Subsidy ban removal on onshore wind could accelerate UK’s progress in achieving net-zero carbon emissions

The UK’s move towards lifting the subsidy ban for onshore wind farms will provide new impetus for the growth of the onshore wind market. Since the introduction of the ban in 2015, investments and the development of new farms have declined significantly. In view of the UK’s decarbonisation goal, the commercial deployment of a range of renewable technologies is integral for the judicious exploitation of the available resources to great economic and environmental benefit, says GlobalData, a leading data and analytics company.

The UK Government’s announcement will enable onshore wind to participate in Contract for Difference (CfD) auctions alongside other technologies such as solar power (which was also side-lined), nuclear power and offshore wind.

Bhavana Sri Pullagura, Power Analyst at GlobalData, comments: “The next CfD auction is scheduled to be held in 2021, and allowing onshore wind to compete for long-term contracts will only improve the viability of upcoming projects and renew investor confidence. Since early last decade, several iterations of subsidy revisions have hindered the market, leading to a decline in annual capacity commissioned from 1,791MW in 2017 to 714MW in 2019, according to GlobalData.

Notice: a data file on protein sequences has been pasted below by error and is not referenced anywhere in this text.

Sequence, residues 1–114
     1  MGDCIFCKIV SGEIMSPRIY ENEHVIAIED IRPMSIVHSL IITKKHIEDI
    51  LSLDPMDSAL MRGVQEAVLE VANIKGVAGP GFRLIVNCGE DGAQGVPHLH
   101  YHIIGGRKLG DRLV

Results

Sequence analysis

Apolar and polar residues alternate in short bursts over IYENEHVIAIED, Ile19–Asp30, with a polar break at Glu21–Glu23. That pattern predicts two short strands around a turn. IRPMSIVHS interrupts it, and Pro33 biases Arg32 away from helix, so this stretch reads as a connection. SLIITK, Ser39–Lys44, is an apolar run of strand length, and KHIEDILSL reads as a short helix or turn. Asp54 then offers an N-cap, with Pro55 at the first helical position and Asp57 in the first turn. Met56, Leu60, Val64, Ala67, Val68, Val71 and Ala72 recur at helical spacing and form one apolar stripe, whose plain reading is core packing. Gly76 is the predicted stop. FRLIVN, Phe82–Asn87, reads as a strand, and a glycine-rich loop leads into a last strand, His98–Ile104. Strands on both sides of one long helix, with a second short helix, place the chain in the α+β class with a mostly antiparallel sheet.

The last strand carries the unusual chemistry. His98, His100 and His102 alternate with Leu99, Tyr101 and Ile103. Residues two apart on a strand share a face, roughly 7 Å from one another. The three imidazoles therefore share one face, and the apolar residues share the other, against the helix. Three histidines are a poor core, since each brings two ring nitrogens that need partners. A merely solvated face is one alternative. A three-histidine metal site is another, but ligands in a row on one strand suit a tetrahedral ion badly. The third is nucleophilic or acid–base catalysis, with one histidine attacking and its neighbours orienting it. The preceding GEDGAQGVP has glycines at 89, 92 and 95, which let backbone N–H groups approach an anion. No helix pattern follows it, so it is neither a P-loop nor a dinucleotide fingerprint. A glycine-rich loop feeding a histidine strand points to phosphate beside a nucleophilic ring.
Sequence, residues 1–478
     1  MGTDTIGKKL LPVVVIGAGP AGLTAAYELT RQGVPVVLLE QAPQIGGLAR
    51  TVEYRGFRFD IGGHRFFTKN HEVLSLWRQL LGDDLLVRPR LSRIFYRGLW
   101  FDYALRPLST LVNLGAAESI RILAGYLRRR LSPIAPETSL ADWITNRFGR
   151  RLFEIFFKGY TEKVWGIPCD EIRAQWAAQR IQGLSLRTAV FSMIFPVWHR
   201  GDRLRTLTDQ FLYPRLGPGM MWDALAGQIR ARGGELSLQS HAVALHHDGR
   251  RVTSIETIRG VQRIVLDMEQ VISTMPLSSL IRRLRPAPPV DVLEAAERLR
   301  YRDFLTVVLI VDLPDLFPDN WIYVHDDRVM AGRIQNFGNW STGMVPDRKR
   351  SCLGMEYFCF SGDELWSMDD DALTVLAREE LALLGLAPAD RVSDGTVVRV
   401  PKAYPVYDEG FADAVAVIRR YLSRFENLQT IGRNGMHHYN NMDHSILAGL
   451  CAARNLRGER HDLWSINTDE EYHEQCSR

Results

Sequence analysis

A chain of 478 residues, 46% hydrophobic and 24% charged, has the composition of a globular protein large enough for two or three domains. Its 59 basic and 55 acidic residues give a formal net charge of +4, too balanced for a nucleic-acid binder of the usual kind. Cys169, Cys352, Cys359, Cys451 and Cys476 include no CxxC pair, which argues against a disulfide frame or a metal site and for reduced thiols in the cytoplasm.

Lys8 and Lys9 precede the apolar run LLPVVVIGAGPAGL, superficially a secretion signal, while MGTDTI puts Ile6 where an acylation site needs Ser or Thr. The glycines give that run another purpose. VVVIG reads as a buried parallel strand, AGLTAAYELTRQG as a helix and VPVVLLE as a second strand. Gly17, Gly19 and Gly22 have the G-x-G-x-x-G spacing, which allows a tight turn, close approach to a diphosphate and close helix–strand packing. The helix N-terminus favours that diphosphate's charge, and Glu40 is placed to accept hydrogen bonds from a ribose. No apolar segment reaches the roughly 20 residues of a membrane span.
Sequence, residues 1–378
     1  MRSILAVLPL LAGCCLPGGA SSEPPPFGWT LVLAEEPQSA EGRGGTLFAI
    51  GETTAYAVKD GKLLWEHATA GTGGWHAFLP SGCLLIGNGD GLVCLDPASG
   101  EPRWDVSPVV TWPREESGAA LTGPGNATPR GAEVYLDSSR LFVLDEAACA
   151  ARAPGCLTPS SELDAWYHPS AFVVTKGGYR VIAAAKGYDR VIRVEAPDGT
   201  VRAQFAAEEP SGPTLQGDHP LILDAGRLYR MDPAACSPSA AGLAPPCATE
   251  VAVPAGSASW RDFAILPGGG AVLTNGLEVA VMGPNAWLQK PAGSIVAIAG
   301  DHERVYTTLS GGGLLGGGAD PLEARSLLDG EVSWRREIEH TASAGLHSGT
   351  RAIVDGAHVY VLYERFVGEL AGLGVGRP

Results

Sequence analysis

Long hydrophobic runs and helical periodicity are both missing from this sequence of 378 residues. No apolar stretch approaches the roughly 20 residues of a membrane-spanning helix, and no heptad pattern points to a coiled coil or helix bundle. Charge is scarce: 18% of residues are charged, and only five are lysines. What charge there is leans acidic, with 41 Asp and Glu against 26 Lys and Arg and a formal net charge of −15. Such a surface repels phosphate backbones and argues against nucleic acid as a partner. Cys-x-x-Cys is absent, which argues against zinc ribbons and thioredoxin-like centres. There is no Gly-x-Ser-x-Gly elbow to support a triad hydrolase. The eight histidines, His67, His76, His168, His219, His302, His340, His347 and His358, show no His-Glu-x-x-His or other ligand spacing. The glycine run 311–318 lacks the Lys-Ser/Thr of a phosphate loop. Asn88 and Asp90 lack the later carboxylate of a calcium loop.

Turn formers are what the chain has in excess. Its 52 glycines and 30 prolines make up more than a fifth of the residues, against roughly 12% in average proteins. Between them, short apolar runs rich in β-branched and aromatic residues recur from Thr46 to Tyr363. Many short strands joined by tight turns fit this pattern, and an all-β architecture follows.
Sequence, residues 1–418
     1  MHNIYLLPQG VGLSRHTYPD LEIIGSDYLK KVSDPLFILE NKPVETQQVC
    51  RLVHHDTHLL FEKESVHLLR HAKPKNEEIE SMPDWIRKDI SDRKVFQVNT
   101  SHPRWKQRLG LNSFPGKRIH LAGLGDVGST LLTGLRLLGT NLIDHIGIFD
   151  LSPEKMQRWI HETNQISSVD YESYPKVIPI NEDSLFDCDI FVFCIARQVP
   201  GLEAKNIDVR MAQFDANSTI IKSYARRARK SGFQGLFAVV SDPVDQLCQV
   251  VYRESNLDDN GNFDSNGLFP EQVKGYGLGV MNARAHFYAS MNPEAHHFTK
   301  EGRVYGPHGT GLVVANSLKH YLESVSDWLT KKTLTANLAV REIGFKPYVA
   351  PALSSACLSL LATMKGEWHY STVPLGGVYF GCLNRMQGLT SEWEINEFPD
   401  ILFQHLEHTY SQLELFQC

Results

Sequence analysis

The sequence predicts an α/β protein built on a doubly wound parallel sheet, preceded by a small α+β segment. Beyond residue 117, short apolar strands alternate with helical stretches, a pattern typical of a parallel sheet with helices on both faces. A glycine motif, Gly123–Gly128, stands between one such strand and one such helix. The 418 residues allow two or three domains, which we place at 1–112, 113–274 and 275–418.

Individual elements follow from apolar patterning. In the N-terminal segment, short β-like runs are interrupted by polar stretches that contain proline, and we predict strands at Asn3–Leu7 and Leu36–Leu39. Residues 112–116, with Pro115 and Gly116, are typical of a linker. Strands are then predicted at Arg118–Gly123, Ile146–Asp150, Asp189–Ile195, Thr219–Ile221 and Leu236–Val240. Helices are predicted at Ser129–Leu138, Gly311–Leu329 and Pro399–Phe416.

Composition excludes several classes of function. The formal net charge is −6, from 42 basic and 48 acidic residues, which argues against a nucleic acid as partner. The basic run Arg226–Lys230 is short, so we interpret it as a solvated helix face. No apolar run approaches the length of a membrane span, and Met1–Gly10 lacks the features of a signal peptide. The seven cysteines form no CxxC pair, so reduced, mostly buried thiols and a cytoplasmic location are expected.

“By removing supportive market structures for onshore wind, the UK risked preventing significant proliferation of the technology; compromising its push to reduce carbon emissions.”

Pullagura continued: “The change in the government’s stance will help build a diverse generation mix with greater financial certainty and maximizing the use of every available technology to speed up the UK’s transition to a net-zero economy.”

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